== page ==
When your company is mentioned fairly consistently with a "lost decade" of returns, you know that drastic changes may be needed to sway investors. Microsoft (NASDAQ:MSFT) has a new strategy and wants to become a devices and services company. The good news is, that is exactly what's happening, the bad news is, these changes are not all positive. In fact, if Microsoft can't answer three important questions, we might be in the middle of another lost decade for the stock.
Which is worse? The devil you know?
It's no secret that Microsoft is suffering when it comes to licensing its popular Windows operating system. In the company's current quarter, Device & Consumer Licensing revenue fell by nearly 6%. To make things worse, the overall PC market witnessed the steepest decline in sales in history with a 10% decline last year. Somehow Microsoft needs to find a way to solve this problem and fast.
The causes are known and aren't going away anytime soon. Google (NASDAQ:GOOGL) is taking a piece of Microsoft's pie by offering Chromebooks, a computer that just connects to the Internet. Between streaming video, music, and multiple photo services offering huge online storage, saving your own files just isn't as important as it used to be.
On Chromebooks and Android devices, services like YouTube, Google Docs, Google Music and more are making customers question why they need a PC.
In addition, Apple (NASDAQ:AAPL) is shipping millions of iPads and Macs and Microsoft makes nothing off of these sales. Whether it's Chromebooks, Macs, iPads, or Android tablets, Microsoft is finding out what happens when customers have multiple choices that can do what their computer used to do.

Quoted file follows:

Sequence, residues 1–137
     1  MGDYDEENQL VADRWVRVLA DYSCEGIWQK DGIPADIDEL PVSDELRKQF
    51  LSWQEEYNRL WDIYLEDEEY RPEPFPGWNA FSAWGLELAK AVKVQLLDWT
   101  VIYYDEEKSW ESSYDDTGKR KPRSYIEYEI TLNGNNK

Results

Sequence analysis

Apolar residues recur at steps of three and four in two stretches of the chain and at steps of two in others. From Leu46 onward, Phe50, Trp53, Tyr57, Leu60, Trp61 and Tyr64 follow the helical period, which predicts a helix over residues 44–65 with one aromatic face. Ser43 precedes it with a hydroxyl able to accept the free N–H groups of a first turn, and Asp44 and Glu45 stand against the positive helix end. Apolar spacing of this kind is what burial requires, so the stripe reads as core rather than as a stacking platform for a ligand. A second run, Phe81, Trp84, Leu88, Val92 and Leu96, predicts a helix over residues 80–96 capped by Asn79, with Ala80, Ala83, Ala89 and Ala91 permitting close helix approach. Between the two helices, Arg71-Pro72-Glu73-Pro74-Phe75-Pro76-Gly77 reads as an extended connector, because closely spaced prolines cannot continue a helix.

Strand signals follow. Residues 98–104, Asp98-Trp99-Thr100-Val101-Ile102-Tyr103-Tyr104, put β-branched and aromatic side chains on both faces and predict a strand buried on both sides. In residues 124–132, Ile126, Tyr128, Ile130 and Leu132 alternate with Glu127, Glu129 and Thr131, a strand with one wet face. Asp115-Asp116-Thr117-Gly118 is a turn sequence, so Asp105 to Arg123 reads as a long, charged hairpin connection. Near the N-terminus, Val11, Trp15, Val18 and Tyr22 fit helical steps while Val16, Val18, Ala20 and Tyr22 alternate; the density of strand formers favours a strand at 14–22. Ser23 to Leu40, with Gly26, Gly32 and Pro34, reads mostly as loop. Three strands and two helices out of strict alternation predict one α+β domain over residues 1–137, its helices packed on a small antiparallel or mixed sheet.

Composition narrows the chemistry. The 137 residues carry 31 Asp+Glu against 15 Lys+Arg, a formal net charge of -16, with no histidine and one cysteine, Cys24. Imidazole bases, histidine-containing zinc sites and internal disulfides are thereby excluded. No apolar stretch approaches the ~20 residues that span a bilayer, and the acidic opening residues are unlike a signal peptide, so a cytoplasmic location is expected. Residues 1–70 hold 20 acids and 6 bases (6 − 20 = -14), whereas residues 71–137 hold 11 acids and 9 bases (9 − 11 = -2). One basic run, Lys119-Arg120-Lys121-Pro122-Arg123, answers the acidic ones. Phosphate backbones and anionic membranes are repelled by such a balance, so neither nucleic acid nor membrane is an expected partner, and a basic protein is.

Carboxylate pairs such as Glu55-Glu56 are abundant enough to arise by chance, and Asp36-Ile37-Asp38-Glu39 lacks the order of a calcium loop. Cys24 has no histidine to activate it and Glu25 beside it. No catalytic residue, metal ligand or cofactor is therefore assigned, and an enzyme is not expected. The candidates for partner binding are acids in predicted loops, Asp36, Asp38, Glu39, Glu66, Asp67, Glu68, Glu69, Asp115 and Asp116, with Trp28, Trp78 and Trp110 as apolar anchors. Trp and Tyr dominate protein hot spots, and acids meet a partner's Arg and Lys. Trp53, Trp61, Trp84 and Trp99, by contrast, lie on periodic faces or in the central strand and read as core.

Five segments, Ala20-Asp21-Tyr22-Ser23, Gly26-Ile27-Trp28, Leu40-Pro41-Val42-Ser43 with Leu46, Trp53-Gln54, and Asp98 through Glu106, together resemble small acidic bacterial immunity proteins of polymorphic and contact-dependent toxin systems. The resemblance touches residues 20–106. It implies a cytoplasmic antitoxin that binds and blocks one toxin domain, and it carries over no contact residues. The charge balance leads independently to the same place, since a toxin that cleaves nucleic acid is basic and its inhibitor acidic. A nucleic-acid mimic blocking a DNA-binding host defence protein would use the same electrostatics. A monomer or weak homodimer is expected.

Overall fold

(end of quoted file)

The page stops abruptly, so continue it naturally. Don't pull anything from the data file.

Or the devil you don't?
Many investors expect that the future of Microsoft is its push into devices and services. This sounds great, but devices aren't nearly as profitable as software licensing.
Google learned this lesson and decided to jettison the money-losing Motorola Mobile business by selling it to Lenovo. Motorola carried roughly 20% gross margins versus better than 60% gross margins at Google's search and sites business. It appears that the company didn't want to continue dragging its other business down with continued investment in Motorola.
A good picture of what a devices and services company looks like is Apple. However, Apple's gross margin has been under pressure and in the current quarter the company's gross margin came in just under 38%.
The challenge for Microsoft is the company's push toward devices is going very well, but at the expense of margins. In the current quarter, Microsoft witnessed a 68% increase in its Devices and Consumer Hardware business. This would seem to be great news, but with a gross margin of just 8.7%, investors need to hold their applause.
In fact, gross margin pressure from this business is probably just getting started. The company's highly successful device sales (Surface and Xbox) over the holiday season are at least partially to blame for Microsoft's overall gross margin, compressing from over 70% last quarter to just over 66% in the current quarter.
With lower margins it will be harder for Microsoft to generate significant earnings growth even with better sales. If you want proof, consider that current quarter revenue jumped 14% but EPS increased less than 3%.
An investing thesis is dying right before our eyes
One reason many investors own Microsoft is the company's huge cash-generating capabilities. However, the company's thinner margins are hurting the company's cash flow as well.
In the last six months, Microsoft's net cash and investments was essentially unchanged. By comparison, Google grew its net cash and investments by 25% year-over-year, and Apple generated better than 9% net cash growth in just the last three months.
The bottom line is, if Microsoft is going to continue on its current path, investors need to realize this new company won't be like the old Microsoft. While the company's devices may sell very well, the company's huge margins are at risk. This quarter was likely a preview of what is in Microsoft's future. Better revenue growth, but anemic earnings growth because of lower and lower margins. This sounds like a recipe for another lost decade.